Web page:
By Ledyard King, Gannett Washington Bureau
WASHINGTON — Wave goodbye to the military air show, America’s muscle-flex of aerial might.
At least for now.
The automatic budget cuts that are expected to furlough federal workers, reduce access to national parks and cut social programs also threaten to ground the nation’s elite flight squadrons: the Navy’s Blue Angels and the Air Force’s Thunderbirds.
Both aerial teams are preparing to fly their final demonstrations March 24 in Florida: the Blue Angels in Key West and the Thunderbirds in Titusville near Cape Canaveral.
The budget cuts raise an important question: Is it worth keeping these iconic teams in the air when the nation’s soaring debt is forcing drastic cuts in government programs, including military readiness?
The answer from the armed forces and scores of communities that host the air shows is an emphatic yes.
Navy Lt. Cmdr. Chris Servello, a spokesman for the vice chief of naval operations, said the allure of the Blue Angels has helped convince thousands of young Americans — including himself — to enlist in the Navy. And it’s helped build support in areas of the country where there is no Navy presence, he said.
“The opportunity for us to demonstrate the talent that their Navy has and to talk to them about the role that naval aviation plays in the wars and all over the world is extremely valuable in helping Americans understand what their Navy does on a day-to-day basis,” Servello said.
In a defense budget of more than $500 billion, eliminating the performances will produce relatively small savings: $28 million for the Angels and nearly $10 million for the Thunderbirds.
But it’s hard to justify ceremonial expenses when the Pentagon is furloughing civilian workers and cutting back deployments to slash $46 billion through Sept. 30, said Todd Harrison, a defense spending expert with the Center for Strategic and Budgetary Assessments, an independent think tank.
“As a strictly budget matter, these are low priority from a military perspective,” he said. “Flyovers and air shows don’t help you defend the nation.”
It’s not just air shows being canceled. Flyovers for military funerals, service academy graduations and other official events also have been scrubbed from April 1 to Sept. 30 and, in some cases, beyond.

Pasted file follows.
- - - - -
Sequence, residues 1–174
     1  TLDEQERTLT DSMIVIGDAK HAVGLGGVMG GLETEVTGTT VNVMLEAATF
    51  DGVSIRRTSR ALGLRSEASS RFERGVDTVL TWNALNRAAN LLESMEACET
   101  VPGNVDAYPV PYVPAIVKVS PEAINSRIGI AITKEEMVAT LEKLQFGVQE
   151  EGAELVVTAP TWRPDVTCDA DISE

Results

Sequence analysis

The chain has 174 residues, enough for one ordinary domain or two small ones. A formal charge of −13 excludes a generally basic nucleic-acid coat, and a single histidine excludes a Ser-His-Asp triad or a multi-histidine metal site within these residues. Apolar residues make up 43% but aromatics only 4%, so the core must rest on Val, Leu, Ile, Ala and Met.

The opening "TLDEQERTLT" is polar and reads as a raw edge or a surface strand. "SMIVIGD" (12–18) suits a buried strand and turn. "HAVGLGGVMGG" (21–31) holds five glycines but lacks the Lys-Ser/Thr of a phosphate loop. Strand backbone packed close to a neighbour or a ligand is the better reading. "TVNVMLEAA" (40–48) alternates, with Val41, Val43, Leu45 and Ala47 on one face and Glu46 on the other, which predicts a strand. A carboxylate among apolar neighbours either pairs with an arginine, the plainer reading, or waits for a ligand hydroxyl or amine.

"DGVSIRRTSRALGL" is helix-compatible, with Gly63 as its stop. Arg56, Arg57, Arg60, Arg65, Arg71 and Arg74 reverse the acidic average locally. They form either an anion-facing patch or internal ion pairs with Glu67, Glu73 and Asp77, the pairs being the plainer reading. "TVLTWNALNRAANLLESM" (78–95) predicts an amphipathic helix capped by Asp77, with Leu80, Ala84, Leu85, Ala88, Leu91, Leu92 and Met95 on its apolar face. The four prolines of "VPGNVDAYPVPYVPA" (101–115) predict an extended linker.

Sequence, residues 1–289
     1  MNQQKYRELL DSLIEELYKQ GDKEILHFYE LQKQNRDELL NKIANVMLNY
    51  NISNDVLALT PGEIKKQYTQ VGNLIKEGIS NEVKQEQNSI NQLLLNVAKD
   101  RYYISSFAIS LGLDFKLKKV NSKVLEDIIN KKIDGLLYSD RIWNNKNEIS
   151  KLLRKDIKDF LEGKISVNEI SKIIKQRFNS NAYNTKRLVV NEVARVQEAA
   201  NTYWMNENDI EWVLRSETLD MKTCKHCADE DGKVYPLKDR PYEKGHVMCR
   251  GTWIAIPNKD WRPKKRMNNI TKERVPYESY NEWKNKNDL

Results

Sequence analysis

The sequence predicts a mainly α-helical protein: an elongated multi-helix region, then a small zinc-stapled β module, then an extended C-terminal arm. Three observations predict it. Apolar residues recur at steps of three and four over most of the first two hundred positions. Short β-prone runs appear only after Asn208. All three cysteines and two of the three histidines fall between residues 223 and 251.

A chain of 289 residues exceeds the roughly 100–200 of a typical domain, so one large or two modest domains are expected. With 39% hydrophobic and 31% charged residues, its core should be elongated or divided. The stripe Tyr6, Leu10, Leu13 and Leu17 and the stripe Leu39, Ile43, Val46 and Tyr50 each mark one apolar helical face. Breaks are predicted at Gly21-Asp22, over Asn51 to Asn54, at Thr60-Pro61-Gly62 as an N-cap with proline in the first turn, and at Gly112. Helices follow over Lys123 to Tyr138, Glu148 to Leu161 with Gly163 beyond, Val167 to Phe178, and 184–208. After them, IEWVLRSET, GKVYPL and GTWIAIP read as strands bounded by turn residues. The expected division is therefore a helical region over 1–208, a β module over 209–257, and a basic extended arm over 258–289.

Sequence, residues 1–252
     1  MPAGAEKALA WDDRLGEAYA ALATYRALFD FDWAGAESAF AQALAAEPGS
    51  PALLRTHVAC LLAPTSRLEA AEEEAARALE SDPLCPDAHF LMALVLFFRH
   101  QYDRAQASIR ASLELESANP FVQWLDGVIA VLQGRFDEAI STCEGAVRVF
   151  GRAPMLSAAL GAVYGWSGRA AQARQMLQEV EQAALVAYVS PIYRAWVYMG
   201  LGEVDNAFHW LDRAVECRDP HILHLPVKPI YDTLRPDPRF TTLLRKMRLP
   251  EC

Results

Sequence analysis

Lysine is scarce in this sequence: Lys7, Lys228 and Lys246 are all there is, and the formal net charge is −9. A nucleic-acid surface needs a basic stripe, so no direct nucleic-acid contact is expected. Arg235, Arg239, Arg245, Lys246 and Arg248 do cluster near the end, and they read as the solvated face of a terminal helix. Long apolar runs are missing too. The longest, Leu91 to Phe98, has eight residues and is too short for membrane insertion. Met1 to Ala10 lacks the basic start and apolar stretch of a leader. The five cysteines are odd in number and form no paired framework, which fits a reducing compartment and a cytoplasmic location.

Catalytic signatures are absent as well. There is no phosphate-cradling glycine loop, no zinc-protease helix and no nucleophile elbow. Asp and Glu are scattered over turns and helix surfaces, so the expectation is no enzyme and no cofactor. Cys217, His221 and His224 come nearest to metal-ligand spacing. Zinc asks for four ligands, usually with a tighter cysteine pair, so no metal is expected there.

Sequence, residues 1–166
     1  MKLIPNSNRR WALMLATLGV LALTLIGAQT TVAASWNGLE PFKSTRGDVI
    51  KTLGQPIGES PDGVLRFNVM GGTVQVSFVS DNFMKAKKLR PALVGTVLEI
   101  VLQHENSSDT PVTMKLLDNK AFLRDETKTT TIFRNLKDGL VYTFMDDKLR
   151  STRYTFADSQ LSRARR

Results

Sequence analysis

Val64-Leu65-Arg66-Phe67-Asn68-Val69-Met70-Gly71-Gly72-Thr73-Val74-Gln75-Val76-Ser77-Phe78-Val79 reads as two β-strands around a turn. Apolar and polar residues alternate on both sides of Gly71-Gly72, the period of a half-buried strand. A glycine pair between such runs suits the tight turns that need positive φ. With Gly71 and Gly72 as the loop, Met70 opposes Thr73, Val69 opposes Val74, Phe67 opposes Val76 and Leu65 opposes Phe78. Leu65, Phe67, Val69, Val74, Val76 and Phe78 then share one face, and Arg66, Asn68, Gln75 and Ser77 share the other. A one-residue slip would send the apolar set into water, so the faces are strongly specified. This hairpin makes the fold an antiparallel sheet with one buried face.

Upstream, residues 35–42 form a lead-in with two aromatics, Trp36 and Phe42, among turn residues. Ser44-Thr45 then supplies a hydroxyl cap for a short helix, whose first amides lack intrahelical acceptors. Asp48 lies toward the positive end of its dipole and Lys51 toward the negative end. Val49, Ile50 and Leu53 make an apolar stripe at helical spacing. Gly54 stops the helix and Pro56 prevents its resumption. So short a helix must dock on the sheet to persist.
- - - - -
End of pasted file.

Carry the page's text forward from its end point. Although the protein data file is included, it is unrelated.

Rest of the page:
The Blue Angels are canceling performances at 29 venues between April and September. The Thunderbirds, based at Nellis Air Force Base near Las Vegas, have announced they’re scrubbing more than 60 demonstrations at 38 locations between March and November, including several overseas.
Dozens of communities, including Cocoa Beach, Fla., Burlington, Vt., and Indianapolis, which counted on the aerial acrobats to generate thrills and business revenue will have to wait until next year unless Congress acts to undo the sequestration spending cuts.
That’s bad news for communities where attendance at air shows typically rises between 15 and 30 percent when the Blue Angels or the Thunderbirds are featured, said John Cudahy, president of the International Council of Air Shows, Inc.
“They are our Rolling Stones and the air show season without them loses something pretty significant,” he said.
Several shows already have canceled, including one in May at Barksdale Air Force Base near Shreveport, La., which had booked the Blue Angels.
Even if Pentagon chiefs wanted to keep the Blue Angels and the Thunderbirds in the air, the 9-percent across-the-board spending cuts offer little flexibility, officials and analysts say.
The pot of money that covers flying hours for the Thunderbirds, for example, also pays for training and combat sorties, said Air Force Lt. Col. William “Brett” Ashworth. Canceling flyovers through September frees up money to fund about 1,520 flights.